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  • Kara Scharwath

    After posting this, Chipotle Communications Director Chris Arnold contacted me to let me know that  

        all of the tomatoes Chipotle has purchased from Florida growers since 2009 have come from growers who have signed on to the CIW program. He referenced these articles:

    http://www.gourmet.com/foodpolitics/2009/09/chipotle-tomatoes-labor-friendly-companies

    http://www.npr.org/templates/story/story.php?storyId=112804917I asked him if he could explain why Chipotle hasn’t signed on if the company is following the terms of the agreement anyway. Here is his response:

    “Chipotle has an unprecedented track record driving positive change in the nation’s food supply (we serve more naturally raised meat than any other restaurant company; are the only national restaurant company with significant commitments to local and organically grown produce; were the first to serve dairy products made exclusively with milk from cows that are never treated with the synthetic hormone rBGH, and an increasing amount made with milk from pasture raised dairy cattle), and we have done all of these things without having agreements with outside groups.

    In many ways, we share common ground with CIW in that we are both trying to drive positive change in the food system. Where we differ is in approach. CIW is focusing on a single issue, albeit a very important one (farmworker rights) and we are taking a more holistic approach, looking at every ingredient we use and how we can get it from better, more sustainable sources.”

    It sounds like Chipotle is in support of what CIW is doing even if they’ve made a strategic decision not to sign their agreement. 

    • Dane Z

      …it’s a shame you didn’t include this important dialogue with Chipotle “within” your article. Adding it on as a comment doesn’t fix the brand damage that you and Triple-P have done to a pretty good company. Honestly, this article doesn’t feel like journalism, it feels like internet ranting….or maybe just propaganda for the CIW.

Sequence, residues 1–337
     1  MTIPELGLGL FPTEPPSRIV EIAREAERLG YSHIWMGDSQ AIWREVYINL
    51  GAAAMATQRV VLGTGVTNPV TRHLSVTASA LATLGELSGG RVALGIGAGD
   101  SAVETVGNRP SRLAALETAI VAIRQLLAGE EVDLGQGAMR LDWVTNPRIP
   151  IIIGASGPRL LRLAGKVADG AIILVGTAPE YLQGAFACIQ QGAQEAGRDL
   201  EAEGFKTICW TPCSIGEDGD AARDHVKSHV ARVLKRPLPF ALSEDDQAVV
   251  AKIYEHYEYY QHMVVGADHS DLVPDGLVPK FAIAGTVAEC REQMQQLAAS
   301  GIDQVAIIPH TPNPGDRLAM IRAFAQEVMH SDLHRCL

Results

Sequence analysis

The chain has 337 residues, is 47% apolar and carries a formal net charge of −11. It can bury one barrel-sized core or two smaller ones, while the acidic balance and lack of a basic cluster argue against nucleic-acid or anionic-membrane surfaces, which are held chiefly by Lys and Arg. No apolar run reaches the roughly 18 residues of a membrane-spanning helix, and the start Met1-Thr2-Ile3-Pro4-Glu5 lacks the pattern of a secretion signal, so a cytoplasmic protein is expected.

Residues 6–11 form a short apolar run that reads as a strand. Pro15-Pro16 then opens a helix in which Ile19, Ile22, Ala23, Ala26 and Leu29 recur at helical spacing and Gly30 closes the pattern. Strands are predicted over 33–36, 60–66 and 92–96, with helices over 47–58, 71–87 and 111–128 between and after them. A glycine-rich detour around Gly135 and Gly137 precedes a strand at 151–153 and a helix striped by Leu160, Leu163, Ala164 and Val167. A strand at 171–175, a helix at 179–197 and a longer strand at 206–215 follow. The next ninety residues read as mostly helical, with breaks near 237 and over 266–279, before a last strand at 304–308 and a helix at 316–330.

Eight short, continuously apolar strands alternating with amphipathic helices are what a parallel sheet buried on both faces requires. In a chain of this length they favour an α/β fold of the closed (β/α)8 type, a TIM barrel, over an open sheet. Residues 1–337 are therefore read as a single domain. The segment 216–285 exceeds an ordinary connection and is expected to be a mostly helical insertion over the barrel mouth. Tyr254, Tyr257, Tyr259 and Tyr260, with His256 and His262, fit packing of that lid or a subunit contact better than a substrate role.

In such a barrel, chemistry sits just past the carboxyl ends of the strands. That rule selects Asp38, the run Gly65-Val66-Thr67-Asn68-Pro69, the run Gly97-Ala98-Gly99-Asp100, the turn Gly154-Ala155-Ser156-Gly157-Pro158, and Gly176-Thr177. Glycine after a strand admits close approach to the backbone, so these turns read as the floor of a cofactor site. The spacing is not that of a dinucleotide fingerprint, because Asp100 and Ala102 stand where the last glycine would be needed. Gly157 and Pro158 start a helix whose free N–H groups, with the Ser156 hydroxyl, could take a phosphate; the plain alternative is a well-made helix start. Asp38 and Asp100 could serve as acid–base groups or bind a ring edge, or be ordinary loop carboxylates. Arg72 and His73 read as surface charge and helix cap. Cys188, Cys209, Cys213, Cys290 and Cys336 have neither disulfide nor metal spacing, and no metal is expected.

• Rob

        I think it’s a shame that Kara doesn’t include the criticisms and rebuttals that the CIW and their many allies have of Chipotle’s highly problematic and half-assed approach to addressing the decades of poverty and powerlessness experienced by FL’s farmworkers.  Chipotle’s approach eschews transparency, meaningful worker participations, and most of all a lasting commitment to the Fair Food Program.  Chipotle wants the public to trust them when it comes to issues of farmworker rights because they have a good track record when it comes to animal welfare, but the truth is they don’t and have never paid the same respect and attention to farmworkers as they do to farm animals.  The CIW long and hard work is what has managed to slowly but surely improve the wages and working conditions of FL’s farmworkers, and Chipotle’s approach is to try to ride on the coattails of the progress created by the CIW while still maintaining a loophole for themself through which it could drop out at any time and can’t be held to account if it is not in compliance with the Fair Food Program’s standards.

        Here’s one good article which details Chipotle’s shennanigans:
        http://www.grist.org/article/steve-ells-will-you-accept-the-chipotle-challenge

  • Reverance

    We are what we eat… if it involves slavery & unsustainable practices… I’ll take my money & mouth elsewhere